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This article in AJ

  1. Vol. 89 No. 5, p. 743-748
     
    Received: May 30, 1996


    * Corresponding author(s): miyasaka@hawaii.edu
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doi:10.2134/agronj1997.00021962008900050006x

Root Zone Temperature and Calcium Effects on Phosphorus, Sulfur, and Micronutrients in Winter Wheat Forage

  1. Susan C. Miyasaka  and
  2. David L. Grunes
  1. U niv. of Hawaii, CTAHR Hawaii Branch Stn., 461 W. Lanikaula St., Hilo, HI 96720
    U .S. Plant, Soil & Nutrition Lab., Tower Rd., Ithaca, NY 14853

Abstract

Abstract

An understanding of how environmental factors can alter accumulation of nutrients by plants is needed to anticipate and prevent mineral deficiencies in both plants and grazing animals. To determine the effects of root zone temperature (RZT) and Ca level on mineral concentrations of winter wheat (Triticum aestivum L.), ‘Centurk’ seedlings were grown under three RZT regimes (constant 8°C, constant 16°C, and transferral from 8°C after 23 d to 16°C) and four Ca levels (0.2, 0.6, 2.0, and 5.0 mM) in nutrient solution. Plants grown at 8°C RZT had significantly lower shoot and root concentrations and unit absorption rates of P, S, Cu, Zn, and Mn than did those grown at 16°C. Within 2 wk after transfer from 8°C to 16°C RZT, concentrations of P, S, Cu, Zn, and Mn in shoots and roots increased significantly. Increasing Ca levels in solution significantly increased shoot and root concentrations and unit absorption rates of P and Cu. In contrast, increasing Ca levels significantly decreased concentrations and unit absorption rates of Mn and Zn. Thus, a suboptimal RZT could depress accumulation of P, S, Cu, Zn, and Mn by winter wheat forage, and possibly induce mineral deficiencies in both plants and grazing animals. A high solution Ca level could partially ameliorate this adverse effect on P and Cu accumulation by wheat, but it also could exacerbate the problem of low Mn and Zn concentrations at a cool RZT.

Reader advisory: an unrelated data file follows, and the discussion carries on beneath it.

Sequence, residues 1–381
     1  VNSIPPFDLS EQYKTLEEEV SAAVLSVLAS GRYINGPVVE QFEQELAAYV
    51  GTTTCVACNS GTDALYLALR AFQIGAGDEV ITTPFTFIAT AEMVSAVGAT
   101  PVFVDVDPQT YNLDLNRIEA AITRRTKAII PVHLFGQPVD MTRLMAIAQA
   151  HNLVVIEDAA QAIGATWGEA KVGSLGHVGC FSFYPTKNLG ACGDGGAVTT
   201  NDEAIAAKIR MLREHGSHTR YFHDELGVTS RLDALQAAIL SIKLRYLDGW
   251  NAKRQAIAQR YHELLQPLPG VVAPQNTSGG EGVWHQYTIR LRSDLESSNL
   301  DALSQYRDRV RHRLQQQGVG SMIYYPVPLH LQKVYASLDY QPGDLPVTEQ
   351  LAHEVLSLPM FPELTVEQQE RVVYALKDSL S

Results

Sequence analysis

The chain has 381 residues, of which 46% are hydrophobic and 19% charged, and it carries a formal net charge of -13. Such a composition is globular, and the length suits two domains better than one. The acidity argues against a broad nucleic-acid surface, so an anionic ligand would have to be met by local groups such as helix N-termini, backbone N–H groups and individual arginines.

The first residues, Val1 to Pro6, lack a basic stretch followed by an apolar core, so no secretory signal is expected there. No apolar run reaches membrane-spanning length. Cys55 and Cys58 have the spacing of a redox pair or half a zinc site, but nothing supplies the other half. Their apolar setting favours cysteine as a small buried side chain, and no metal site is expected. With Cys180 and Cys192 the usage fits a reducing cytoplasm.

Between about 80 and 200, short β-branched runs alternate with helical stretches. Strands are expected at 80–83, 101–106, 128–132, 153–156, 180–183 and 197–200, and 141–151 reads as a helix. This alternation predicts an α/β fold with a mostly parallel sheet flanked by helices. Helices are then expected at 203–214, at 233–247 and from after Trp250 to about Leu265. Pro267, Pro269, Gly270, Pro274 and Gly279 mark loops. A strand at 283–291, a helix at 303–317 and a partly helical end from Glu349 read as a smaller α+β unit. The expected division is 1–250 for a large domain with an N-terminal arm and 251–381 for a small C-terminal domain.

Represents part of a thesis presented by the senior author in partial fulfillment of the Ph.D. requirements. Contribution from the USDA-ARS U.S. Plant, Soil & Nutrition Lab., Tower Rd., Ithaca, NY, in cooperation with the Cornell Univ. Agric. Exp. Stn., Ithaca. Journal Series no. 4254, College of Tropical Agriculture and Human Resources, Univ. of Hawaii, Honolulu. This work was part of the program of the Ctr. for Root Soil Res., Ithaca, NY.

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